It took the secular, modern thinkers Jung and Freud to resurrect the idea that there is meaning to be found in dreams, but we've hardly returned to a culture that regularly studies and finds messages or insights in our dreams. Kamenetz, in his own idiosyncratic way, is seeking to reclaim the dream from those who would "ameliorate" it. A man of words who is a member of a religion of texts, he is fascinated by the image and its meaning. He finds his most influential teacher  in northern Vermont, one Marc Bregman, the aforementioned postal worker. Bregman's got his own theory of dreams, which Kamenetz sets up in opposition to Freud's. Freud contrasted the "manifest dream," the easily remembered "plot," with the "latent dream," the deeper meaning waiting to be interpreted. To Bregman, the manifest dream contains all the meaning there is, but we may not always see it because a dream's message may very well carry uncomfortable truths we'd rather not face. With Bregman's help, Kamenetz undergoes what ultimately amounts to a form of psychotherapy, using dreams instead of emotions as a means to explore his personality, past, and especially, relationship with his deceased father.

What is Bregman? An interesting, unique fellow, for sure, and one who helps his clients, Kamenetz among them, reach new heights of self-awareness by delving into their dreams. Kamenetz's explorations—of Jewish texts, modern secular thinkers, and of his own dreams—reveal fascinating insights, and it is amazing how he manages to work out psychological issues through his dreams. But what's the connection between one and the other, text and Bregman? None, so far as I can tell, other than their common concern with dreams. Not that this is a problem; Kamenetz is welcome to seek wisdom and insight from any source, and we benefit from his allowing us this window into his journey. It does, however, makes for a book that's somewhat disjointed, whose pieces doesn't always hold together as well as it should. This quest took Kamenetz in many different directions, and that shows in the structure of the book.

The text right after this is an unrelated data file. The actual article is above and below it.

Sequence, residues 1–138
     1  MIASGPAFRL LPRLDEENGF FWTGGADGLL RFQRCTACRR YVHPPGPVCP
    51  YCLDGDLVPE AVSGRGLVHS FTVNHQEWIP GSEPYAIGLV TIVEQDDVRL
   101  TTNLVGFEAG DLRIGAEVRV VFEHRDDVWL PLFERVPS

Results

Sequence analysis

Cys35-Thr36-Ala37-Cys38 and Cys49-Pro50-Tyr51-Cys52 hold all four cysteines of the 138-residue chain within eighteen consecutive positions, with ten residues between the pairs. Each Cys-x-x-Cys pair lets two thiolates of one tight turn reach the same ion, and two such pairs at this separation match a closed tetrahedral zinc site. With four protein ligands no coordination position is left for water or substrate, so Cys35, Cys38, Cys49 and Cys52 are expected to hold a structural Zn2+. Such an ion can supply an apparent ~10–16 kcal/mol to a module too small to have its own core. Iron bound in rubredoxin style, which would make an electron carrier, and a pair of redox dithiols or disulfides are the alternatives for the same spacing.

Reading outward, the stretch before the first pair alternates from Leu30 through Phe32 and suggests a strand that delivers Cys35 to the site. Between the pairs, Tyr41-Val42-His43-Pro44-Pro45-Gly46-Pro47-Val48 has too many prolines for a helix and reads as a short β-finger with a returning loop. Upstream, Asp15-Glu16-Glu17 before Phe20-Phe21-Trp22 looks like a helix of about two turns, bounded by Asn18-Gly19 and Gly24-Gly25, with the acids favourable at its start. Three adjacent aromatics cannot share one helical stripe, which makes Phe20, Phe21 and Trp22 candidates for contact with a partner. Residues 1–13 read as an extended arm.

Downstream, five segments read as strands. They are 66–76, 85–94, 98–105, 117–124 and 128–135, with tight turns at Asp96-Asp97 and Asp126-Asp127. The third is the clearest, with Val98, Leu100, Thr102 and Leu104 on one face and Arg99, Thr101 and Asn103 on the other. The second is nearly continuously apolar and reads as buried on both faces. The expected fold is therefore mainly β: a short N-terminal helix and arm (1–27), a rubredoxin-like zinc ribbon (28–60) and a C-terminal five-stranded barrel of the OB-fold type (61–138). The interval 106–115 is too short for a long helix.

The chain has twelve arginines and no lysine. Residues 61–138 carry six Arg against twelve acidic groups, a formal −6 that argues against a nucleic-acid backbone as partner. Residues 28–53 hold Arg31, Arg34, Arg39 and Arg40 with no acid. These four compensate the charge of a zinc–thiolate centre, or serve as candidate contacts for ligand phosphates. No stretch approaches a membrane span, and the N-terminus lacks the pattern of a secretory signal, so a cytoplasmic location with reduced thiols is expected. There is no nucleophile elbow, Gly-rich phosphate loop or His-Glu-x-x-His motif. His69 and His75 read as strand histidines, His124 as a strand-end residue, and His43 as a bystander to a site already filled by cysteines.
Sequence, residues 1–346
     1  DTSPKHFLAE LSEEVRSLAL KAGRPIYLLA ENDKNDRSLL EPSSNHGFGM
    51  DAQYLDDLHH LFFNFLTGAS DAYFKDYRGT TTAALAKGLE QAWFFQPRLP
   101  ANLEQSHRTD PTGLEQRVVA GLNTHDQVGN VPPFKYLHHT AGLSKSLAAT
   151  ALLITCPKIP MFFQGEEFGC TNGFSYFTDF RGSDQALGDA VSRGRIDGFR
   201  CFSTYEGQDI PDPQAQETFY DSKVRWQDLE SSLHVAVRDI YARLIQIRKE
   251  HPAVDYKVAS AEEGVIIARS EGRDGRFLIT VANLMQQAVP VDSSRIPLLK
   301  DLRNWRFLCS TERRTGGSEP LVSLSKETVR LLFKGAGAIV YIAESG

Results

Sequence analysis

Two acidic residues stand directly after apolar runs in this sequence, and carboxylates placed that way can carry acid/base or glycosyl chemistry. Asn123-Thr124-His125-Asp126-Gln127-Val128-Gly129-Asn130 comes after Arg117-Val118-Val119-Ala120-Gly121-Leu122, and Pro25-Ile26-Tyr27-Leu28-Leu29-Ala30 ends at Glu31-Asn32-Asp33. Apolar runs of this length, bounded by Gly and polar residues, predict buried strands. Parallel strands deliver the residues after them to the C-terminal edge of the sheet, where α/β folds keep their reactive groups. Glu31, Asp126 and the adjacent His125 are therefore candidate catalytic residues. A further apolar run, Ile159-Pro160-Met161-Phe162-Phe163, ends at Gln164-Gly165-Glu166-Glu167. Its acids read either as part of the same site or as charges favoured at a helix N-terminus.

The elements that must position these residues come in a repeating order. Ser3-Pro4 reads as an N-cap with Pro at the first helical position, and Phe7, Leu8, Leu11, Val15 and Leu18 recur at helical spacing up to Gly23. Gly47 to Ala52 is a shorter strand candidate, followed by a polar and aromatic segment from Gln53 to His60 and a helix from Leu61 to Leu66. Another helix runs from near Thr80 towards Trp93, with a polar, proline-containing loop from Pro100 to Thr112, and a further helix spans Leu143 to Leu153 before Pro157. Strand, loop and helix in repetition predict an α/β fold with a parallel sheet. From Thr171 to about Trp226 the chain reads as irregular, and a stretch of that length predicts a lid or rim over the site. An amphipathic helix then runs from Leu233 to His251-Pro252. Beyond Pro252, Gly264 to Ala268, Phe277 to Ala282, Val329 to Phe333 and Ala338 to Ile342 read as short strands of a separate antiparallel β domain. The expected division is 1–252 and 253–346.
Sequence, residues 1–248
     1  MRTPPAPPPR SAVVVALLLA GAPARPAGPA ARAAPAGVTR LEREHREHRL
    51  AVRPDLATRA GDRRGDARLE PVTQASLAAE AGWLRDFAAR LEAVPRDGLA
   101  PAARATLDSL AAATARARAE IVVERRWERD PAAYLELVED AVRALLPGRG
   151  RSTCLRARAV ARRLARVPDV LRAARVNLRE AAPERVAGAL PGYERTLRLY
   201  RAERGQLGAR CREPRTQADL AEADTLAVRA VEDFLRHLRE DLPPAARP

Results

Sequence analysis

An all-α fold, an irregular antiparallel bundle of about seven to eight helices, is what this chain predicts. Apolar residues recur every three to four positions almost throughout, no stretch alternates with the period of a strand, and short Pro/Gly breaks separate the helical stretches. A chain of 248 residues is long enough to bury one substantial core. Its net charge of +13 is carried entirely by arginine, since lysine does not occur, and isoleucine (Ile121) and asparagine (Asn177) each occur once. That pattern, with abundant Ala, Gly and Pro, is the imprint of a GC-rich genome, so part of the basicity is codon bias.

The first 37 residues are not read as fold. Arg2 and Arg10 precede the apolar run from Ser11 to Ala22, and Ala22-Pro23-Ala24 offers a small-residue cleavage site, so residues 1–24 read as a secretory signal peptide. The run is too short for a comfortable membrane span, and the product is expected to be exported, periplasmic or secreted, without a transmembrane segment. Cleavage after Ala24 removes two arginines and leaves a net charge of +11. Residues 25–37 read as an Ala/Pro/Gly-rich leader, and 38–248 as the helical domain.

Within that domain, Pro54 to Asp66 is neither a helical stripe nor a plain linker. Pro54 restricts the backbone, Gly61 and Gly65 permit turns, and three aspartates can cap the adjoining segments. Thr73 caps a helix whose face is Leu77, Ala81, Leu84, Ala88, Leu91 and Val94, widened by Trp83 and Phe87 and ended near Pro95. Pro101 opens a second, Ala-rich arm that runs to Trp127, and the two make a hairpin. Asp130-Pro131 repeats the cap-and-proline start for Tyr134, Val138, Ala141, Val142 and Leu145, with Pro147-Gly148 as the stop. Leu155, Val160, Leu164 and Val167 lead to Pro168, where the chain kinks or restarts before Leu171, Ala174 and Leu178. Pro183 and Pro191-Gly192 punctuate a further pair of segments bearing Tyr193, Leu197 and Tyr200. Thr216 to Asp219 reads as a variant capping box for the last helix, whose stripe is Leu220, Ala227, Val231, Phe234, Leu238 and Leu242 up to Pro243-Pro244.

The bigger problem with The History of Last Night's Dream is one that I encountered at my breakfast table some years ago, when I lived with a roommate who, unlike me, remembered in great detail almost every dream he had, and would relate them to me, in equally great detail, in the morning. They were, as you might imagine, as mundane as anyone's—and, for the most part, so are Kamenetz's. Other people's dreams, it must be said, are just plain boring (there, I got that off my chest), and they slow down the last third or so of this otherwise well-written, easy-to-digest, insightful book. Still, there's no interpretation without primary text, and so reading of Kamenetz's dreams about books and other minutiae is the price we pay to see the unexpected and illuminating places they take this modern-day dreamer.